2. dick smith says:

    Very well said.

  3. Cali Chris says:

    OK, Harry, we hear you. What can we do to help? Organize locally and nationally? Demonstrate widely? Write our Representatives and Senators and newspaper Letters editors? Blog? Talk it up with our friends, neighbors and relatives? Elect and re-elect as many Democrats as possible, including President Obama?

  4. Pangolin says:

    If there ever was a year when the U.S. Senate should be calling their local university science departments and having a chat about climate change this has been the year.

    It’s not that a hurricane, a major drought, heat waves, major flooding in the Northeast and Mississippi basin, and giant outbreaks of tornados haven’t happened before. They just haven’t all happened in the same year.

    Maybe we should take a hint. Maybe the Senate Democrats could threaten to shut the country down if we don’t do something about Climate Change. Maybe even something that produces lots of jobs, like, say, installing wind turbines in depressed rural areas.

    Could we try that?

  5. John Tucker says:

    The Democratic party is a categorical disappointment.

    You create demand by facilitati­ng purchase of a required item. regulating standards and requiring improvemen­ts.

    All booms have some facet of the above if not all of them. We fail now because we do not satisfy any of the above. (except for holding off a full collapse in housing and other industries by keeping credit semi available)

  6. Sasparilla says:

    You can see the beat in the media – the Republicans want to kill Green energy (Solar and Wind) if possible.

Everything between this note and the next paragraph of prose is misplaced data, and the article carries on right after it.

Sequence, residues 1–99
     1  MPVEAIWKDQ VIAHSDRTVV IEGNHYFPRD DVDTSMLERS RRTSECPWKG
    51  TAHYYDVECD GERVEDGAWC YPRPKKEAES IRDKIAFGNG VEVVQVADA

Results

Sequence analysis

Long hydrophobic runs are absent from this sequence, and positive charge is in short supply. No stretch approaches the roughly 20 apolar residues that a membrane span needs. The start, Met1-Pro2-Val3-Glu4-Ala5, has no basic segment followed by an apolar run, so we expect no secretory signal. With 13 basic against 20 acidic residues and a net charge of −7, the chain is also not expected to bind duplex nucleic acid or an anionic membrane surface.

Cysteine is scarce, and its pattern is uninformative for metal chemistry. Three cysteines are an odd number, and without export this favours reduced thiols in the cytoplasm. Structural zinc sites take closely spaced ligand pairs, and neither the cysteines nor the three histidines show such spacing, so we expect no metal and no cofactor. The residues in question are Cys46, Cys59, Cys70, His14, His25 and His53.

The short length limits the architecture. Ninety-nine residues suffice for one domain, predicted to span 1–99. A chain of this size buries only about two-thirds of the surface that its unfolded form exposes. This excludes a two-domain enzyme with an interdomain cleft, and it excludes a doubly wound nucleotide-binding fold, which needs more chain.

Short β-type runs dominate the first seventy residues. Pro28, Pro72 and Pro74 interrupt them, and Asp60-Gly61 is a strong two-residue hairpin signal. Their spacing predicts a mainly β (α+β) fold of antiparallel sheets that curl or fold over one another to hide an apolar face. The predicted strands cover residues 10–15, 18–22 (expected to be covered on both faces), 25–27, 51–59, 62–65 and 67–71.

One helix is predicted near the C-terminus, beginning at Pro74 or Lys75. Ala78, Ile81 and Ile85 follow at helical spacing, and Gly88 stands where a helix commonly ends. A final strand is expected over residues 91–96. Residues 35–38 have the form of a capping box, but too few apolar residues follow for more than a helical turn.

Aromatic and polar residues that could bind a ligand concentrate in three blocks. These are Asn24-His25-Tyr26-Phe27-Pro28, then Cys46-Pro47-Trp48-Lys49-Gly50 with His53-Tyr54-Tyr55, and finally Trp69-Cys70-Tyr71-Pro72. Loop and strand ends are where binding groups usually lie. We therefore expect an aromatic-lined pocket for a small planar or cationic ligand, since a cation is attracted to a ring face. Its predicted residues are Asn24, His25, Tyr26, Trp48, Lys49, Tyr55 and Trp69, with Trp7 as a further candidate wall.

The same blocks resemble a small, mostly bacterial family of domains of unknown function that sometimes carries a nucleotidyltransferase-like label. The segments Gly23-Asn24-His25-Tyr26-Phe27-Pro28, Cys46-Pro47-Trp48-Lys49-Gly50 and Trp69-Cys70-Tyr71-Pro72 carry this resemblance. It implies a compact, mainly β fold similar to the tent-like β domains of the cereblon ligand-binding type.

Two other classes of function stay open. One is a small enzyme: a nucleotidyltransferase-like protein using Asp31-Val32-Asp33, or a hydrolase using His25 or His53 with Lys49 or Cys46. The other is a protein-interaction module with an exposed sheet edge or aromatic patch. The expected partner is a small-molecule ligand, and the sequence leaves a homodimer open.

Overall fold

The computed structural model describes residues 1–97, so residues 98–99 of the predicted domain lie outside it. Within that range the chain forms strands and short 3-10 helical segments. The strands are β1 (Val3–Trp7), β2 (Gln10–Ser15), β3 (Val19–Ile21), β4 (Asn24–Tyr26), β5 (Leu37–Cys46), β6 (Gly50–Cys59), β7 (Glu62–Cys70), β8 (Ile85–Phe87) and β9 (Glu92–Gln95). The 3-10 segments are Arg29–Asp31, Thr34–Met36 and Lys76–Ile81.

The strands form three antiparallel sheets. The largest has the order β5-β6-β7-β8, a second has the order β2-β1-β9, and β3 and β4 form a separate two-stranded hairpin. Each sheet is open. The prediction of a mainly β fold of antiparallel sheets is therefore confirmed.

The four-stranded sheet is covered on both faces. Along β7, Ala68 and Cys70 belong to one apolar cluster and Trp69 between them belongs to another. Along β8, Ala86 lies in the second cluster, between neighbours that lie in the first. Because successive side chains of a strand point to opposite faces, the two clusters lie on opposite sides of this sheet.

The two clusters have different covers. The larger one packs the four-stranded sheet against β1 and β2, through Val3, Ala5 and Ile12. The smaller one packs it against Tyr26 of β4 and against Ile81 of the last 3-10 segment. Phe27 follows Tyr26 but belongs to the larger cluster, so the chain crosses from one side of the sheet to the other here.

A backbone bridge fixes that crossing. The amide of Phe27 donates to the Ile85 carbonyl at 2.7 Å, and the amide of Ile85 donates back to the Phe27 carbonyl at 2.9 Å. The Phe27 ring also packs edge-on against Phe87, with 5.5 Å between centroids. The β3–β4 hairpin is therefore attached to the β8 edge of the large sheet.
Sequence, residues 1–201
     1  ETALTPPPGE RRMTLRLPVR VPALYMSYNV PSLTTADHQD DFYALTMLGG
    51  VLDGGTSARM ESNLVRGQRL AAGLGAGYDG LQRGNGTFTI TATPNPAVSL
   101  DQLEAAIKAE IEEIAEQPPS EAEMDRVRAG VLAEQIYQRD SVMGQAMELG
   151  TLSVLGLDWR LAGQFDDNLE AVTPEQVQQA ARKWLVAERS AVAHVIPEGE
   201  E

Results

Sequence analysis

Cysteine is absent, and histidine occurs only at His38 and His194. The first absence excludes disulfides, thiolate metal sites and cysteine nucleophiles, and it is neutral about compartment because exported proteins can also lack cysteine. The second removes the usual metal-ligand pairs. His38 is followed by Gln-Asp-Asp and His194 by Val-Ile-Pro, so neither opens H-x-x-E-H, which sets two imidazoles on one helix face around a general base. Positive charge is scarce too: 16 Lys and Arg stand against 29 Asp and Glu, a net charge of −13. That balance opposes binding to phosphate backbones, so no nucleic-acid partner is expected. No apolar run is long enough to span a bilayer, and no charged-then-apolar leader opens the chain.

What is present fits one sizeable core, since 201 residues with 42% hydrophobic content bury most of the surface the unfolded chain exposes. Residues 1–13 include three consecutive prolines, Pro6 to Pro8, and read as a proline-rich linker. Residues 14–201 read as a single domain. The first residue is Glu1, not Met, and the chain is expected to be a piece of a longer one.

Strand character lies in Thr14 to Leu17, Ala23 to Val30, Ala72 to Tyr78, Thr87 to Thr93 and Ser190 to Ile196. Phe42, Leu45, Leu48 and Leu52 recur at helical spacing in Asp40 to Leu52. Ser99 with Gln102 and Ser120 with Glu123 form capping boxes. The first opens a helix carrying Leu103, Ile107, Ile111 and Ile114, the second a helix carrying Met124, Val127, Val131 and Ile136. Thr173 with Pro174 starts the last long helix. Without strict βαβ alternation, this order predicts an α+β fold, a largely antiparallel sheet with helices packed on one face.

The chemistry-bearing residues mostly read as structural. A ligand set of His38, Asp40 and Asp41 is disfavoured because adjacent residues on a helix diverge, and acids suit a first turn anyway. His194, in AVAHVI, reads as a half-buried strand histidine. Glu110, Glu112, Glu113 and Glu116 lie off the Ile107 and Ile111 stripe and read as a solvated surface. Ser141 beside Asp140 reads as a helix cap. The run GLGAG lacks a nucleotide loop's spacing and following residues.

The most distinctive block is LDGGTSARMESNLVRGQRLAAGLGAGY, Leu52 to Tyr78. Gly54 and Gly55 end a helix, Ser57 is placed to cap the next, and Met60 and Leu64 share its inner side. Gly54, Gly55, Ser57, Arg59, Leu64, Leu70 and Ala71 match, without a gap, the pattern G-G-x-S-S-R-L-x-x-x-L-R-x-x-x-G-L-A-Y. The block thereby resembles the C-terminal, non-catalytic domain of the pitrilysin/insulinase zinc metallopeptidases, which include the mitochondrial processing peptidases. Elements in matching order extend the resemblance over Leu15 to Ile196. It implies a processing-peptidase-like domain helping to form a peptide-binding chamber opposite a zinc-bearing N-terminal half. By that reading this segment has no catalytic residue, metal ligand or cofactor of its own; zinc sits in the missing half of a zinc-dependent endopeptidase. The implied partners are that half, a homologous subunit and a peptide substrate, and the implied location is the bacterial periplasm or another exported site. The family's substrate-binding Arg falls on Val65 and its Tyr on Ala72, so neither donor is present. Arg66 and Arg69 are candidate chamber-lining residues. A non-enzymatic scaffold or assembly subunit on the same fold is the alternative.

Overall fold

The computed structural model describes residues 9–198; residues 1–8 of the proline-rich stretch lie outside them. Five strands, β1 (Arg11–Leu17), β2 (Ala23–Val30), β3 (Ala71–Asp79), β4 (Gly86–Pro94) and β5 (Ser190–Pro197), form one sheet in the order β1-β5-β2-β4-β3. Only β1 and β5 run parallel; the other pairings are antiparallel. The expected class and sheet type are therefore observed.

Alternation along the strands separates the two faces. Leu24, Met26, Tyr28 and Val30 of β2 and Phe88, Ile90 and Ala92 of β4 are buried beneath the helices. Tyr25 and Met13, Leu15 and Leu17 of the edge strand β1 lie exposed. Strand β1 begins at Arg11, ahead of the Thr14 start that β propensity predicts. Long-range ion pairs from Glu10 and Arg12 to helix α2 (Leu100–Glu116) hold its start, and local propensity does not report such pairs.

This is a different planet, politically than it was just 4 years ago – after destroying action on climate change the future of fossil fuel dependence is still at increased risk if we have folks making Wind Turbines and Solar Cells here in the US, expect a sustained full blown war on them (which we’ve already seen the PR) from the right (and feckless weak democrats wringing their hands and looking helpless) until they are eliminated.

    The chance of the wind PTC getting renewed with the GOP in control of any branch of government would seem very low. Lets do that for 5 or 10 years and see what we have left of our green energy sector.

    I think we will be extremely lucky not to have to be buying virtually all our green tech from China in 20 years (if we’ve come around to buying Green Tech seriously by then).

  7. Sasparilla says:

    I apologize for the double post, but wanted to add one thing.

    I would expect direct action against plug in vehicles (whether its the elimination of the tax credit as well as other things we’ll have to wait and see) – god help us if the GOP gets all three branches of government next year.

  8. Ziyu says:

    Call your Senator or Representative and tell them to hold all appropriations bills hostage to passing the clean energy supports. And remember, they have to be willing to kill the hostage. It worked for the Tea Party. It can work against them.

  9. Solar Jim says:

    RE: “many conservative members of Congress were “making a concerted effort to thwart development” of clean energy.”

    Identifying these (sycophantic corporate stooges) as “conservative members” is like identifying Jack The Ripper as a surgeon.

  10. Mike Keller says:

    Good ridance to a waste of taxpayer money. In most of the US, there is no need to build power plants, as demand has actually dropped. On a general note, there is no good economic reason to build unreliable power plants, as the folks in Texas learned during the recent heat waves. Wind energy was AWOL.